And we found out after I registered for fo T, they both intentionally didn’t talk to each other, because he wanted the offer of influence colleges to stand on its own without the relationship. And I had the same mindset of not wanting to be influenced by how much I like. And so we didn’t talk again, after those years ago, we got to know each other. So well, we didn’t talk again until after I was registered.


Wow. It’s very cool. All right,


well, so it’s great to have you with us here, man. Before I do for those of you again that are new to influential you, then I want to make sure that we give you something that you can use to find out a little bit more about us. And Liz, I’m going to have you put a two minute video into the chat. This is just a video that you’re welcome to watch on your own, it’s a way for you to find out a little bit more about what we do and the framework that we offer. I’ll also make that available for people down in the link below if you’re watching this as a replay or is recorded that Paul’s there anything else that you want to say to let people know who you are, especially in terms of your own authority around the topic for today?


You know, I think probably the thing that people could keep in mind is I’ve been doing this 25 years, worked with 1000s and 1000s of clients. But that accumulated knowledge of not taking like a cookie cutter approach. Approach from a financial institution stead giving holistic wealth building advice to people 1000s of times over that long period of time. It’s, it’s almost like I’ve lived hundreds of years of finance, managing people’s finances for 25 years meeting with countless clients every year has really put me and my firm in a position where we have more knowledge than most people could actually assemble even if they studied really well on their money, because they just haven’t seen as many circumstances as we have. That’s really great. All right.


Well, it’s it really is a privilege to have you here. I love working with you in so many different ways. So for our guests today, for everybody else that’s here today, I want to let you know, you can ask questions that let me tell you when to ask questions. So first of all, you can ask questions, and be a little bit as we get down the road here. Secondly, is that what we’re going to do is we’re first going to talk about money as an inescapable unavoidable condition of life. We’ll say some things about that. But you’ve got to address accurate thinking, because we’re going to talk about thinking accurately about money. So we’ve got to talk about accurate thinking and what we mean by that, then we’re going to hear a little bit about how to think accurately about money in terms of my plan, my strategies, my you know, my, my future, and so forth. And then, finally, near the end, we’re going to open it up for lots of questions that you may have that are specific. And Paul, I personally don’t have any problem with any questions like I’ll I’ll say, I don’t know how to answer that. Or you’ll say, I don’t know how to answer that. I will both answer it, whatever. But we’ll take all the questions we can get. Even if you do have questions, and you know, you’ve got questions, and they’re formulating, you may want to begin to put them in the chat. But don’t press ENTER yet. Right. You may want to begin to craft whatever those questions may be. And then we’ll see if we can get to as many questions as possible. So first of all, one of the things that’s important to know is money is an inescapable condition of life. It’s unavoidable. And money is, first of all, one of those things that represents the value of our health in the marketplace. We can talk about currency, we can talk about all kinds of different ways that money is represented. But money are as we study it is two things. One, it’s a tool and number two, it represents the value of our health. It’s how we try and help with one another. So that’s one of the first things that I’ll say about it. Secondly, when we take a look at the conditions of life, generally speaking,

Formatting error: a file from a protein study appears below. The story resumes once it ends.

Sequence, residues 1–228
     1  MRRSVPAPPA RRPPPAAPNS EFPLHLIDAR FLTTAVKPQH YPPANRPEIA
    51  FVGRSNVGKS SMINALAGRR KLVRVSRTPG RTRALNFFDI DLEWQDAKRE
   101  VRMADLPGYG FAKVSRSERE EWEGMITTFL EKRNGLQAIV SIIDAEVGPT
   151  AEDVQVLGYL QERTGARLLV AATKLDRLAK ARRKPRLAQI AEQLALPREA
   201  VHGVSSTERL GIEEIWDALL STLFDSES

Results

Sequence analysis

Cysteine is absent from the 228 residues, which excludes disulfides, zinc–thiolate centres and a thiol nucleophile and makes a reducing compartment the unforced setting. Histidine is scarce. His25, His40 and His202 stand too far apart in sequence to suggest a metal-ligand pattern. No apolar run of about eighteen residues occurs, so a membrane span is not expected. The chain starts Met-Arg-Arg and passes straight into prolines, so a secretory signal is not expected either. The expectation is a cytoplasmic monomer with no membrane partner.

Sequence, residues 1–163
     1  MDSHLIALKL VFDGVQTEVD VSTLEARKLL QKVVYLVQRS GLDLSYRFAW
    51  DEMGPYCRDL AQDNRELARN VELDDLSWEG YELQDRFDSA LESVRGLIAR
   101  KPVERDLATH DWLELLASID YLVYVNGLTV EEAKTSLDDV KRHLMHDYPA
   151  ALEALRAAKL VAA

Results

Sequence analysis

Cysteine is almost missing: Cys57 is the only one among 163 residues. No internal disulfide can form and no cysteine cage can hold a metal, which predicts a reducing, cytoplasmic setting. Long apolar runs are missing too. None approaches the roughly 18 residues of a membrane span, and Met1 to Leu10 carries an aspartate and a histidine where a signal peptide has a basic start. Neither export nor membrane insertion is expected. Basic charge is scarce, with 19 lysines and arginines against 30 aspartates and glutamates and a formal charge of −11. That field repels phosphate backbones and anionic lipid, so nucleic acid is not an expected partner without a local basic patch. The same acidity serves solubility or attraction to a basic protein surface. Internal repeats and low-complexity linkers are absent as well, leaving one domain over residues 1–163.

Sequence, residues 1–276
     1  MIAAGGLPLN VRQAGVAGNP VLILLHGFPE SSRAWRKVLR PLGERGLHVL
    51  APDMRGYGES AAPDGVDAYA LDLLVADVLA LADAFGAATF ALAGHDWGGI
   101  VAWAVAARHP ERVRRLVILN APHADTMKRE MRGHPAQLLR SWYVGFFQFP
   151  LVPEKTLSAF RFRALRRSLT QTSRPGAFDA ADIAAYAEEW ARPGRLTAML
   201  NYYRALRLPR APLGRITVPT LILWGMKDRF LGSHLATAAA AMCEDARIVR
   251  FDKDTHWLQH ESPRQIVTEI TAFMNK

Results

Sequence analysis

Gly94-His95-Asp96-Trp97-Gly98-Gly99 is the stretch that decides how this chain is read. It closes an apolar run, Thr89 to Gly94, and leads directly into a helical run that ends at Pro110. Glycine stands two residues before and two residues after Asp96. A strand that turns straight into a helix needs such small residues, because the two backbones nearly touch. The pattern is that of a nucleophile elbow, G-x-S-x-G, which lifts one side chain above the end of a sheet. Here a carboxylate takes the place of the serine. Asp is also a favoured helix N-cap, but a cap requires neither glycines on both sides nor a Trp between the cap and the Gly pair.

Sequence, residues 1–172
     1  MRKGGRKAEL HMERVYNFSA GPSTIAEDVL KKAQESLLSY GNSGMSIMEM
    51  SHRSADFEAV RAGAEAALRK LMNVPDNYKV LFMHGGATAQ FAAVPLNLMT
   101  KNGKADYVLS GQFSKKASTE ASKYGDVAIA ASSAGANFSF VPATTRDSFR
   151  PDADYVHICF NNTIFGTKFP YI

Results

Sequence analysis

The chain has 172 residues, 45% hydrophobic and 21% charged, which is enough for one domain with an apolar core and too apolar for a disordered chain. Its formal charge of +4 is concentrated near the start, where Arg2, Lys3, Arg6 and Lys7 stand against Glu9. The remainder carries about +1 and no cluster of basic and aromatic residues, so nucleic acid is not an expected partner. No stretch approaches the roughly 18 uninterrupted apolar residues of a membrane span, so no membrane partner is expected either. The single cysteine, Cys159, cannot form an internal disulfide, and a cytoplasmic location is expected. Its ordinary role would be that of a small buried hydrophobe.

there are conditions of life that we point out, are sort of fundamental they they either support or threaten a team Yes, I’m going to ask you not so great to have you here, but I’m gonna turn you off, there we go. So, we find that these four conditions that are highlighted support or threaten the satisfaction of all the other conditions, tell you what, when health is threatened, it is tough. When money is threatened, it is tough, it’s tough to satisfy all the other conditions, it takes its toll. So we’re going to address money today, because it is one of the primary primary conditions of life that people maybe satisfy or frankly, you will suffer. And Paul, anything he wants to satisfy or suffer on that note.